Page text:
Front View, Rear View

For a small bird that is brightly coloured during breeding season, the male Superb fairy-wren is a noisy bird that likes to alert everything nearby that a stranger has come close or into its territory. It is a curious bird that will pop up onto a branch, have a look at the potential danger and then disappear quickly back into low foliage. Over winter, spring and early summer, I have been paying extra attention to these little birds, participating in the study to gauge the male’s transition to full breeding plumage each year. We are supposed to track what plumage stage each bird is in that we find as we walk our favourite areas. The species has a defined territory making the little tribe (2 to 6 birds) easier to find each time. The study has made it more interesting finding this quite common bird. Usually I just record it as a day or site tick on my list and then ignore it. Having to study the individual family groups for a 15-20 minutes session, identifying the sexes, plumage phase types, general activity and any interaction between groups makes it much more interesting. A by-product of this stationary watch means I see others birds as they fly by or pop out of the nearby scrub.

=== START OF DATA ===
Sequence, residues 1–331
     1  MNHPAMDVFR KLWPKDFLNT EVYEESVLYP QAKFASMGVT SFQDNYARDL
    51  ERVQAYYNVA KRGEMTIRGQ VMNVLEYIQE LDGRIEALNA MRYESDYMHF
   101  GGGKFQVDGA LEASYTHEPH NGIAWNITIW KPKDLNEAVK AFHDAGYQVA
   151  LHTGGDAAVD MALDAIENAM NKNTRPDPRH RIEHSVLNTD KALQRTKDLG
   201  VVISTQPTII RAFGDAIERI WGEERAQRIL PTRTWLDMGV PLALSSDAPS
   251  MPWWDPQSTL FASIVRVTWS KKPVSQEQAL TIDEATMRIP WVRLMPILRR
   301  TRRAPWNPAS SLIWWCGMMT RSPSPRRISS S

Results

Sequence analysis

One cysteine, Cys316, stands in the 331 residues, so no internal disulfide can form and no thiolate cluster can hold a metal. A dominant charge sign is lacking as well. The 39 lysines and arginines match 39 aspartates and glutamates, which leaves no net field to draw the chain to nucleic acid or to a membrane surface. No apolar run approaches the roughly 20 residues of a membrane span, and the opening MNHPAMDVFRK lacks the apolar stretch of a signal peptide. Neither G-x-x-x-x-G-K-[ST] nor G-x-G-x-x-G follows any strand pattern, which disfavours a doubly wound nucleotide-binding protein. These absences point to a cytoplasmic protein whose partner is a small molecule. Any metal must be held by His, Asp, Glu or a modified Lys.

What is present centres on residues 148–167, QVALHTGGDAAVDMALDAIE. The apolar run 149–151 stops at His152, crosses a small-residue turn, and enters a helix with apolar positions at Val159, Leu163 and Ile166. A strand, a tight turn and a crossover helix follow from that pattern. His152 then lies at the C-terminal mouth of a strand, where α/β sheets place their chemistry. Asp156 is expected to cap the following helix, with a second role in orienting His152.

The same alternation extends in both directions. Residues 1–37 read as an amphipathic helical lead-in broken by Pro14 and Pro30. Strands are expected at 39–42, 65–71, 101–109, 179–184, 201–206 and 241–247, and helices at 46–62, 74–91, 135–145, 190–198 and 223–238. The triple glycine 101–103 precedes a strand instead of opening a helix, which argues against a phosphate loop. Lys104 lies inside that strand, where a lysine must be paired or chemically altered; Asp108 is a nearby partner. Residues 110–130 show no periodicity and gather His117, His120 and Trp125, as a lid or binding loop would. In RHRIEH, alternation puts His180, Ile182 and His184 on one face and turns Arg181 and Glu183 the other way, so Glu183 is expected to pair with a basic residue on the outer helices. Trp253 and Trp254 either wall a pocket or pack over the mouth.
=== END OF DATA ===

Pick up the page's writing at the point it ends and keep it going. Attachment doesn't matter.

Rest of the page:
Superb Fairy-wren, Greens Bush, Mornington Peninsula National Park, Vic

Superb Fairy-wren, Greens Bush, Mornington Peninsula National Park, Vic

Superb Fairy-wren II, Greens Bush, Mornington Peninsula National Park, Vic



2 responses to “Front View, Rear View

  1. That is an interesting project Malt. These little guys have been known to have up to three breeds a year, especially with the weather the way it is. They have a reputation for being a bit ‘naughty’ at times, but their colour is a good distraction for their family’s protection as they keep watch for intruders.

    Liked by 1 person

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